Vegan animal lovers uncage political aspirations ahead of Israeli elections
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Israel has the world’s highest per capita vegan population

Vegan animal lovers uncage political aspirations ahead of Israeli elections

Thousands have joined political parties in time for September 17 vote, aiming to leverage the animal rights community’s growing social presence into political power that bites

  • Labor leader Amir Peretz, center, with Vegan Friendly founder and CEO Omri Paz, right, and lobbyist Anna Nemkov, left. (Courtesy/Zman Yisrael)
    Labor leader Amir Peretz, center, with Vegan Friendly founder and CEO Omri Paz, right, and lobbyist Anna Nemkov, left. (Courtesy/Zman Yisrael)
  • Vegan Friendly founder and CEO Omri Paz, left, with Yisrael Beytenu MK Eli Avidar. (Courtesy/Zman Yisrael)
    Vegan Friendly founder and CEO Omri Paz, left, with Yisrael Beytenu MK Eli Avidar. (Courtesy/Zman Yisrael)
  • Visitors eat vegan food during the "Vegan Fest" fair on October 13, 2014,  Ramat Gan, Israel.  (photo credit :AFP/JACK GUEZ)
    Visitors eat vegan food during the "Vegan Fest" fair on October 13, 2014, Ramat Gan, Israel. (photo credit :AFP/JACK GUEZ)

Labor MK Itzik Shmuli had something of a rude awakening in July when, despite polls projecting his surefire win in the party’s rush primaries, he placed third – just behind fellow 2011 social protest alum MK Stav Shaffir, and far behind Amir Peretz, who was elected to lead the ailing party for a second time.

The result of the primaries — Peretz received 47 percent of the vote, compared to Shaffir’s 26.9% and Shmuli’s 26.3% — can, at least partially, be attributed to a new electoral power: the vegan vote.

Israel has the world’s highest per capita vegan population, and that trend is both accelerating and becoming more political.

About 1,000 vegans and animal rights activists have recently joined the Labor Party with the aim of backing lawmakers affiliated with their cause. The July 2 primaries saw them vote mainly for Peretz, who didn’t really need their support, and for Shaffir, who placed second but has since left the party to join the Democratic Camp, a faction comprising former prime minister Ehud Barak’s Israel Democratic Party and Meretz.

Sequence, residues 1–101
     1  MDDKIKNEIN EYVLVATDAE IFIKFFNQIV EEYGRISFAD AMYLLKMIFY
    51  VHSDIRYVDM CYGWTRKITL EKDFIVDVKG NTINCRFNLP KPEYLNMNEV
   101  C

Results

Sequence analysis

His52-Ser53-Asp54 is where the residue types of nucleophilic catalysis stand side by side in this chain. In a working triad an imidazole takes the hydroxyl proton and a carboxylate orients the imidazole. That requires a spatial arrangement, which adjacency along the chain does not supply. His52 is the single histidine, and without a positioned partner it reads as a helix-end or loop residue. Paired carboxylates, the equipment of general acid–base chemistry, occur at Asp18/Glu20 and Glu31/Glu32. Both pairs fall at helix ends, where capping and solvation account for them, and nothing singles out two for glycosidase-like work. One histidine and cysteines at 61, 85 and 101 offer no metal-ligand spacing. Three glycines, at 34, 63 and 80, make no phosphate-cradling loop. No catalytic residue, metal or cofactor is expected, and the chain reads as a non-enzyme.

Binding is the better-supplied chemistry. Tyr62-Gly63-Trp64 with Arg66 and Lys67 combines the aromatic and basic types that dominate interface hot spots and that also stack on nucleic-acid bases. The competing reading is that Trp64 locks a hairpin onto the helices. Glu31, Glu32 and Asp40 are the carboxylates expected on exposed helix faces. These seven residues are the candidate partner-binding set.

Other parties holding primaries have also seen an uptick in the number of vegans joining their ranks: Likud boasts 800 new vegan fellows and Meretz now counts 700 vegans among its members.

Overall, some 2,500 animal lovers have joined the various parties as part of the Influencing from Within campaign, the brainchild of Vegan Friendly, a nonprofit organization seeking to promote veganism and vegan-friendly labeling in Israel.

Orian Ben-Zion, left, and two activists from Influencing from Within. (Courtesy/Zman Yisrael)

“We promote primarily a vegan diet, but the project appeals to animal lovers in general, not necessarily just to vegans or vegetarians,” Orian Ben-Zion, the NGO’s project manager, told Zman Yisrael, the Hebrew sister site of The Times of Israel.

“The initiatives that are part of the project — such as banning fur trade or eradicating the phenomenon of stray dogs — are supported by most Israelis, who are willing to become members [of political parties] to promote them,” he said.

Vegan Friendly, Ben-Zion clarified, “doesn’t influence that in any way, and people join [parties] according to their own [political] beliefs. All we want to do is generate presence and power, so at the moment of truth it will affect candidates running in primaries and MKs.”

All we’re doing is simply inspiring… animal lovers to become involved in politics across the political spectrum. There are animal lovers and vegans on the left, right and center

According to Ben-Zion, “five percent of Israelis are vegan and 13% are vegetarians. All we’re doing is simply inspiring them and other animal lovers to become involved in politics across the political spectrum. There are animal lovers and vegans on the left, right and center. We aspire to see 2,500 to 3,000 people join each party.”

Illustrative: Dozens of people take part in a silent protest for the rights of animals along Rothchild Boulevard in central Tel Aviv, May 10, 2018. (Tomer Neuberg/Flash90)

According to Vegan Friendly lobbyist Anna Nemkov, Ben-Zion is responsible for the creation of a committed electorate “that gives me the power I need to wield in the Knesset.”

Nemkov said that inspiring 2,500 people to join a political party is an achievement in and of itself.